A variety of protein shakes. Plastic scoops with powders.

Universal Basic Nutrient Income: Pros and Cons

By Jack Becker

Andrew Yang’s 2020 presidential run included a smorgasbord of unique stances. From “Empowering MMA Fighters” to a “Robo-Calling Text Line” to “Making Taxes Fun,” he made waves. But his biggest wave came from the “Freedom Dividend,” a universal basic income (UBI) program that proposed providing each American with $1,000 per month. Like similar proposals in the past, the program garnered excited supporters and staunch detractors. And while COVID-19 reinvigorated the discussion around UBI, it’s unclear whether one will or should ever be enacted.

However, characteristics that make UBI attractive, particularly the direct support it provides, sans bureaucratic red tape, can be applied to other government programs. For example, ensuring America’s fundamental nutritional needs are met. The government could directly provide all citizens with food or, more simply, with nutrients. Introducing: Universal Basic Nutrient Income (UBNI).

Following the model of companies like Soylent and Huel, the government could aim to develop the healthiest, cheapest, most sustainable, and all-around best powdered meal replacement. The perfect UBNI Shakes would be available to all Americans for free (well, funded by taxes). UBNI could replace the Supplemental Nutrition Assistance Program (SNAP) and other government food programs. There could be a UBNI Shake for every bottle, and more time in everyone’s days.

Some Pros

Like UBI, two of the major benefits of UBNI would be providing direct support for Americans and cutting through bureaucracy.

Direct Support for Americans

Despite current government programs like SNAP, the economic costs of food insecurity are staggering. Estimates for increased health care costs due to food insecurity fall around $53 billion per year. The costs of unhealthy eating are similarly high, coming in at around $50 billion per year. UBNI feeds two birds with one hand. If UBNI Shakes were directly available to every American, no one would be food insecure. And if people only consumed UBNI Shakes, no one would be eating unhealthily. Complete adoption of UBNI Shakes is unlikely, but even having some Americans adopt them would reduce food insecurity and unhealthy eating.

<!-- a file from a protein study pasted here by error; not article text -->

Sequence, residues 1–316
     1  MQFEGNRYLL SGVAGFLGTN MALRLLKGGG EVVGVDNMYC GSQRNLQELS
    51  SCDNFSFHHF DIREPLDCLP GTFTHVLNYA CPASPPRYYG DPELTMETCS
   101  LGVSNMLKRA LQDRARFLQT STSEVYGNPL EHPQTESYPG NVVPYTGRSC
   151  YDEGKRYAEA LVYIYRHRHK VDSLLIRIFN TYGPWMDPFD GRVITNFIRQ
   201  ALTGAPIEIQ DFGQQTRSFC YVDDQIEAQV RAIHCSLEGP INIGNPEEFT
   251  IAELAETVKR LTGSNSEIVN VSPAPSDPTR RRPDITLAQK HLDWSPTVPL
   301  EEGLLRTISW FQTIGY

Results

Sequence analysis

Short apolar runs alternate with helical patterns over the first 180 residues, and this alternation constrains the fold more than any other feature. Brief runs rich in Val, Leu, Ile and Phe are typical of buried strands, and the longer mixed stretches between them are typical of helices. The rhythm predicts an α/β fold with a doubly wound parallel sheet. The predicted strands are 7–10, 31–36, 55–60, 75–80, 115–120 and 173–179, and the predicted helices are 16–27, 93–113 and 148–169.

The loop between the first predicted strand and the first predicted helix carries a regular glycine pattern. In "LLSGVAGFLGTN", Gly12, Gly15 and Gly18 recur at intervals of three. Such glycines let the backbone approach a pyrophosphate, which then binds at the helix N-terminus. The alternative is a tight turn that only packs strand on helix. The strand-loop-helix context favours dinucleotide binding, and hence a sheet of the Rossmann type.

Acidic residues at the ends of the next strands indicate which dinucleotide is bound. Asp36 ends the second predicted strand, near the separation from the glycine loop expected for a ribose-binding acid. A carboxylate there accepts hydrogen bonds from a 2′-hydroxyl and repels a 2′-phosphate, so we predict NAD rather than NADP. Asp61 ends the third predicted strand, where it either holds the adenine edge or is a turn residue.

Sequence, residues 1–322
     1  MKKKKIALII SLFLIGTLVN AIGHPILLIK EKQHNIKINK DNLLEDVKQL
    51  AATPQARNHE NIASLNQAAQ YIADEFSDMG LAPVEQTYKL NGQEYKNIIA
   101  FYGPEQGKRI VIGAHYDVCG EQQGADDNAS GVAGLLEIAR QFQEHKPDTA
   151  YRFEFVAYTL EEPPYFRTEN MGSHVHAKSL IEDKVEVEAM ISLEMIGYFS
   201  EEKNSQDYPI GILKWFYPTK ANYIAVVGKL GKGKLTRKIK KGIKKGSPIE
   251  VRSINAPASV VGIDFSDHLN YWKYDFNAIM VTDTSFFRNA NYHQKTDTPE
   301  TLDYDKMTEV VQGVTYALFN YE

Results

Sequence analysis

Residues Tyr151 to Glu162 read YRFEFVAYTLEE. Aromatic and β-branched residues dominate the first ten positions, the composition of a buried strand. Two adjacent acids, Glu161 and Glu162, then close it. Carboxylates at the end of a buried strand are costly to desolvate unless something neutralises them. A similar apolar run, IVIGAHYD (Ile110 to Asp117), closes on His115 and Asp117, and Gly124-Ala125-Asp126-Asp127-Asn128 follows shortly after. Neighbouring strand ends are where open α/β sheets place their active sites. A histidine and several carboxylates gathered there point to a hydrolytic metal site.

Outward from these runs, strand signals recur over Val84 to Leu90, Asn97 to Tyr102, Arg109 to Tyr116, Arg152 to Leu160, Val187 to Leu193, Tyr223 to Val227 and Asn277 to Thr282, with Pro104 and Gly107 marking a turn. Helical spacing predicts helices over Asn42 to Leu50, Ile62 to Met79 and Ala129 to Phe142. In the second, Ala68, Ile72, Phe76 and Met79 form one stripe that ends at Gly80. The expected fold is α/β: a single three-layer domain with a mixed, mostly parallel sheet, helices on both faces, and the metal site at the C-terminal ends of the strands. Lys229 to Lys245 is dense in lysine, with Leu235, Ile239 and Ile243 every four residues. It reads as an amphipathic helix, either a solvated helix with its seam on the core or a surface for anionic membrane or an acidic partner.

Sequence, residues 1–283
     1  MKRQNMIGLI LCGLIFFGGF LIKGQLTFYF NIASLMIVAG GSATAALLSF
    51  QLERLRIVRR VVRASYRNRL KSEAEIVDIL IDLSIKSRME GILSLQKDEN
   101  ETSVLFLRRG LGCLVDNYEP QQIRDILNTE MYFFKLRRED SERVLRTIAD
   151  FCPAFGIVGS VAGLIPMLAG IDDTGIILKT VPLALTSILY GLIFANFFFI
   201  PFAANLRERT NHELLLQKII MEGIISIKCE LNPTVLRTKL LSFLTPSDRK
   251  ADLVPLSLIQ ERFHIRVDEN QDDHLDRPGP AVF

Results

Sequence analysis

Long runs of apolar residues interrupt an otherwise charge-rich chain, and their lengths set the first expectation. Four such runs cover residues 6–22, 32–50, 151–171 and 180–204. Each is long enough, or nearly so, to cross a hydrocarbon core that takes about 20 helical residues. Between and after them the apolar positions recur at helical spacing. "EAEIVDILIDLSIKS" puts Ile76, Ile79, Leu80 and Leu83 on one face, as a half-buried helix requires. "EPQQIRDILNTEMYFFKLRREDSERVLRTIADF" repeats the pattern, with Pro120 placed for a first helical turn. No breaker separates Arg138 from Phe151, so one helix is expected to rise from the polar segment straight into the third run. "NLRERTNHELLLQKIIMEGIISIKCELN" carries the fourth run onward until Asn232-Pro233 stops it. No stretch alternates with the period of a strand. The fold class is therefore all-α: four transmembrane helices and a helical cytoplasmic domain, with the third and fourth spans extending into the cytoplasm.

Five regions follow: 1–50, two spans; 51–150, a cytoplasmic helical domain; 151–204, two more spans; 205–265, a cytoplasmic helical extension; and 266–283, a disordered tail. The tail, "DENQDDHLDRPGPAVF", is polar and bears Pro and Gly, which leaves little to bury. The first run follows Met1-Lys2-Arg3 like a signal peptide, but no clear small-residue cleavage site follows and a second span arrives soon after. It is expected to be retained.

Further, UBNI directly gives people nutrients instead of giving them funds to shop for food (which is how SNAP operates). This addresses another two existing problems.

First, shopping for food and preparing nutritious food is time-consuming. SNAP does not allow funds to be used on products like hot foods, so the easiest option for busy families may be to buy heavily processed but ready-to-eat foods. Preparing some foods, like fish, can also be risky and intimidating (what if it spoils quickly, if it’s cooked wrong, if kids don’t like it and it’s wasted, etc.). Yet, avoiding certain foods may mean missing out on valuable nutrients. For fish, this might mean omega-3 fatty acids, which have shown interesting links to reducing antisocial and aggressive behavior in children.

Second, there are constant debates over whether SNAP funds should be permitted to be used for unhealthy food. With UBNI, government funds are only used for required nutrients. People could still buy unhealthy food, it would just be with their own funds. The controversies over SNAP would be extinguished.

Cutting Through Bureaucracy

On the red tape side, SNAP has many hallmarks of classic bureaucratic programs. One of these hallmarks is eligibility requirements based on income. This means that while a household of five with a gross monthly income of $3,362 makes the cut, an identical household making $3,364 does not. This type of binary seems unfair to the household making $2 more per month. Under UBNI, the second household would be fully covered (as would every other household in the United States).